But there's that word again; practical. It is a word usually reserved for the “Rational” sorter type. Meanwhile, two of my Facebook commenters said “The P should be a J”, which would place me in the Guardian type. The only type I manage to completely avoid on all the judges' scorecards was the NF (Idealist) type which, while it draws me like a moth to a flame when I see it in others, has no correlation whatsoever to my personality except perhaps when I am working with my fellow writers and creative types who pull that sort of behavior out of me and insist that they like me better that way while also being exactly the sorts of people who would detest getting pigeonholed into neat little categories with more meaningless letter combinations than a list of boxing champions.
With the test itself, even somebody who has known me for 28 years was unable to predict the result; before the interview, when I said I was taking a Myers-Briggs test, Nora said “I bet $5 it ends in TJ. Maybe FJ.” Even with her bet hedged she was still wrong (and I scored no points in the F dimension.) Said my friend Phoebe, who has known me for about half a year, “INTJ is my guess.” Two out of four. Fifty percent. F-minus-minus, thanks for playing, try again.
Which brings me back to this being pseudoscience. If indeed there were any validity to this sort of testing, you would think that someone who has known me longer than since last week would be able to successfully guess my personality type based on my behavior and history. Yet this was not the case. Indeed, my Facebook commenters were unanimous in their opinion that the test missed the mark at least in part. This has dangerous, unfortunate implications further down the line as well.
See, it is no longer acceptable for businesses to classify people based on race, ethnicity, national origin, or any of the other protected statuses under the Civil Rights Act of 1964. Lacking this ability to discriminate against people the old-fashioned way, businesses have had to come up with new ways to pigeonhole people they don't like. Personality tests, with the veneer of scientism (rather than science) behind them, make an ideal means of marginalizing certain elements of society to the point where they can be properly exploited.
Show me a manager and I'll show you an idiot with too much power. Show a manager an intelligent, insightful, creative, clever employee and, rather than see that employee as valuable, the manager will see him as a threat. Especially if someone is introverted, this establishes a pattern in business. Introverted is “the new black”, to steal and repurpose a popular term from fashion and give it a racial context.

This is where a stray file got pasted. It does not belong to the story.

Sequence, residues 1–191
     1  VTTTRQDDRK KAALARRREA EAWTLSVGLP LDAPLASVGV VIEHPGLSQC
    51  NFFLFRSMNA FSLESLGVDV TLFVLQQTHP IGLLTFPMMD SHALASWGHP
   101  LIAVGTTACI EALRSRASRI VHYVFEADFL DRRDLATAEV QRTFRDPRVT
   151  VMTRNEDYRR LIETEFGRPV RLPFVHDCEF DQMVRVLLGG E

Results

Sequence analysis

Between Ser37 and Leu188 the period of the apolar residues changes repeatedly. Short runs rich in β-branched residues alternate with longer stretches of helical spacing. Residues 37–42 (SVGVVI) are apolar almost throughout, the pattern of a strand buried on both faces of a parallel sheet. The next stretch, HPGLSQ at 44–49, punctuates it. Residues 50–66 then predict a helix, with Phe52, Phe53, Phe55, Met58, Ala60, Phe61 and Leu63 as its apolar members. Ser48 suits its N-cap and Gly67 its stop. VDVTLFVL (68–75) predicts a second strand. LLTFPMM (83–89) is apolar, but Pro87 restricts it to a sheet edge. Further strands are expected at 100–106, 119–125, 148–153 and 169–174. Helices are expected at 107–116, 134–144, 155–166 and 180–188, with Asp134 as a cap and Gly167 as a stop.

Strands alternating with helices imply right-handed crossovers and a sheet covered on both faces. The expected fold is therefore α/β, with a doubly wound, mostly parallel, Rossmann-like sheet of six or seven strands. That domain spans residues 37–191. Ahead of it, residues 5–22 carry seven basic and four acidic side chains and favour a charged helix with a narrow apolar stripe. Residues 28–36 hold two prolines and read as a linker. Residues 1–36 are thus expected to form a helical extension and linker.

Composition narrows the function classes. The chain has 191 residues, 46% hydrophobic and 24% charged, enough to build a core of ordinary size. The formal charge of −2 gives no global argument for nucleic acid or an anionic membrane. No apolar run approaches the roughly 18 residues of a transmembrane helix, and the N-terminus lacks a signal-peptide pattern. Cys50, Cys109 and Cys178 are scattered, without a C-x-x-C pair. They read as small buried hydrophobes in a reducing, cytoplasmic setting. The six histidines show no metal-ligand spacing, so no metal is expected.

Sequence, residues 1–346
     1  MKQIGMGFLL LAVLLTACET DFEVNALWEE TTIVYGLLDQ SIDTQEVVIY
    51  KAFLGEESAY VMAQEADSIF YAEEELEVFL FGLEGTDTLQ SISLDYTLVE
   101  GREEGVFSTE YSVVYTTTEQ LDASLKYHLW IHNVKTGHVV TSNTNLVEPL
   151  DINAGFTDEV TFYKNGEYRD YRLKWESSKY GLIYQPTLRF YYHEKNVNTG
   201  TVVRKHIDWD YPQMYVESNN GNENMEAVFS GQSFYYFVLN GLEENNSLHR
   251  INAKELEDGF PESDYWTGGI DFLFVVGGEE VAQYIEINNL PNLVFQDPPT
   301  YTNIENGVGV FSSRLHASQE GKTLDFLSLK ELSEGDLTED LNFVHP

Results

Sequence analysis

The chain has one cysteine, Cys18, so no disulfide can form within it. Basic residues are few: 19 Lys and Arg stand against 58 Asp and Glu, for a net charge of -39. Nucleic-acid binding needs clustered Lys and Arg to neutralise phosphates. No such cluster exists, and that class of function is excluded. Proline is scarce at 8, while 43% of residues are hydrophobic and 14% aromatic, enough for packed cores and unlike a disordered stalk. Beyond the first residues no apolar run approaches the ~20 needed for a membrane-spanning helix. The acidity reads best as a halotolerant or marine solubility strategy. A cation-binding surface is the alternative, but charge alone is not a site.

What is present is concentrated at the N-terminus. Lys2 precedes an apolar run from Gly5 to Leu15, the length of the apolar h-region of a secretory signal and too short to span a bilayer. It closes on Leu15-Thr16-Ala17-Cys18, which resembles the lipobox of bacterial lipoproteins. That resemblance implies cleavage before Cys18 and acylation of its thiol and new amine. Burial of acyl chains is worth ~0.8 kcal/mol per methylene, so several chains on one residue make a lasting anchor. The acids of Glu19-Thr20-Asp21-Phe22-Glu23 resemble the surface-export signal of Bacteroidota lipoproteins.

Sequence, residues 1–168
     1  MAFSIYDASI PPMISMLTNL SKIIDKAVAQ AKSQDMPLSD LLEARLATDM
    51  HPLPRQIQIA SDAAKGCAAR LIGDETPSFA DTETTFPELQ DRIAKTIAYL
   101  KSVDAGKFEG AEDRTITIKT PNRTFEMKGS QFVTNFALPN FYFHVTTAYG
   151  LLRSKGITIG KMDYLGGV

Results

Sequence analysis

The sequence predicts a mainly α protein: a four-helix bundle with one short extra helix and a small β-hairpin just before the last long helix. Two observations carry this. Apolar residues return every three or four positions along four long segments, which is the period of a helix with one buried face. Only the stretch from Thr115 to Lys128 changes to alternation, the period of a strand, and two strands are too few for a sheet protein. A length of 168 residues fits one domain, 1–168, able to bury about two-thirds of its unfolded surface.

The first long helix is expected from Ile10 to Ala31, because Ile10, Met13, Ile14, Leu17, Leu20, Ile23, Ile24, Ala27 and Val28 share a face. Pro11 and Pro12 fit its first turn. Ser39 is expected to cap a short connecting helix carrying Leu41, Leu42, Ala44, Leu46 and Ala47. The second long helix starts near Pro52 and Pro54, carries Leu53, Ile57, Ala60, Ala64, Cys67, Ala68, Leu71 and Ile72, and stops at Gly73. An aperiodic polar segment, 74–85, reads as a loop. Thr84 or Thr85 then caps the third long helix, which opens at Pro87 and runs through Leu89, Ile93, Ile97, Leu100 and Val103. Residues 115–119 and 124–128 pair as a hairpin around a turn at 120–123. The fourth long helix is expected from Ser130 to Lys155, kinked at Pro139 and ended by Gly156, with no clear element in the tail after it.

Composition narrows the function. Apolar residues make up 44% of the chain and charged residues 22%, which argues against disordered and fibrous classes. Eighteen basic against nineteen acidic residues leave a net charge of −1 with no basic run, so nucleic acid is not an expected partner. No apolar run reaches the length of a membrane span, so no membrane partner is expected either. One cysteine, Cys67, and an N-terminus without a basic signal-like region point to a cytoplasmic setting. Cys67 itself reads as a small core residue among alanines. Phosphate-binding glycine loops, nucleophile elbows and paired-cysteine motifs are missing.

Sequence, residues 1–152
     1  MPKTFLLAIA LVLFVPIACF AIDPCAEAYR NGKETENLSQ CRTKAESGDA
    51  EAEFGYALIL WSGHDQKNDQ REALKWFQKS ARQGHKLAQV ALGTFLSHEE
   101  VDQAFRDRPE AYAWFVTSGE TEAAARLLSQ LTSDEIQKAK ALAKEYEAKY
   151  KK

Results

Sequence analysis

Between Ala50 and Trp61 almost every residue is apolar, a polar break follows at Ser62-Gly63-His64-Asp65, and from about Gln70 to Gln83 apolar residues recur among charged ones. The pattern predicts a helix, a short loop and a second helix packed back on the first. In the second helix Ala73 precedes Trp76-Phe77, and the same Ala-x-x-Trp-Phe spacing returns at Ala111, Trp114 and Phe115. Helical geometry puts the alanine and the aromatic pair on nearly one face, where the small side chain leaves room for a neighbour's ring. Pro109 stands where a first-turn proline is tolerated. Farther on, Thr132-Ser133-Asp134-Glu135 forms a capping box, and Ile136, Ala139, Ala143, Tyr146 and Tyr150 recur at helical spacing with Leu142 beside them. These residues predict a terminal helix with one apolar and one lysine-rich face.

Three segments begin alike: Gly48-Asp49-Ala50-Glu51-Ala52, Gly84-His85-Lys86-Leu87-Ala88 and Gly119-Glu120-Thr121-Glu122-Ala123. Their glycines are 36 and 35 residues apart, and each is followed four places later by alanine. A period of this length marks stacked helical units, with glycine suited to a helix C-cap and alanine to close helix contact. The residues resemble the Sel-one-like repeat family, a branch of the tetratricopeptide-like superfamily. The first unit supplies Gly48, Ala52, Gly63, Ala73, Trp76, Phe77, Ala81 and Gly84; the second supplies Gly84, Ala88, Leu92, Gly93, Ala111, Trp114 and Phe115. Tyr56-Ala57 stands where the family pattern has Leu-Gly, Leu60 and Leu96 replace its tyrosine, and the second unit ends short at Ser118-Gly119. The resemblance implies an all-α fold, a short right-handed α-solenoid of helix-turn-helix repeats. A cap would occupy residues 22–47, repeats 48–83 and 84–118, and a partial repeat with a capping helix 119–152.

At Accounting 401 “boot camp” here at UNR last month, Dr. Richard Mason, chair of the Accounting department, said “accounting is not for introverts like you may be thinking; you will need strong networking skills to succeed.” Similar sentiments are frequently echoed throughout the business department. One person in four in America is introverted by nature; are we simply to sit back and forever discard our hopes and dreams because a bunch of damned extroverts run the world? Are we little more than servants or playthings? Or are we men and women with hopes, dreams, and rights and responsibilities of our own, dedicated, passionate, loving, caring, wonderful people in our own right?
I don't know that the question can be resolved. I do, however, know that nothing pleases an extrovert more than being told she is special, and nothing serves such a useful purpose to that end as these glorified horoscopes dressed up in science's clothes like a child putting on his father's business suit and pretending to be a grown-up. The Forer effect is in full force here; indeed, P.T. Barnum would look at the setup the Keirsey Institute has going and think “now that's how you bring 'em in and soak 'em.” Barnum himself would not have had the cheek to pull such an audacious stunt.
What's more, Sir Francis Galton believed he was doing humanity a favor when he brought out the idea of eugenics as a means to get “desirable” people to mate and produce offspring. People with undesirable traits were, in some jurisdictions, sterilized forcibly to prevent them passing on their “feeble” genes, and this was taken to its logical conclusion in the 1940s. As the rich-poor divide grows and our society becomes more and more socially competitive and descends into economic infighting over increasingly scarce resources, who is to say that a permanent underclass will not be formed out of those who find social contact exhausting and unpleasant, especially with damn fool extroverts? Indeed, I am filled with despair at my own career prospects because it is not in my nature to “play the game” and no matter how formidable my talents, those avenues will always be closed to me.
In conclusion, I found this entire exercise strangely demeaning, dehumanizing, and irritating. It truly filled me with anger and consternation at the nature of business and made me question the wisdom of my choice of major and likely future career while simultaneously thinking “now what?” But the worst part? It struck me as little more than the fortune teller's art of painting with a broad brush and letting the psyche of the reader filter out the inaccuracies. I'll let Nora have the last word (which is more than I could say when we debated constantly in high school US History class): “But you, Mr. Doucette, are as much a cypher as you ever were. I don't think any one personality “type” could sum you up completely.”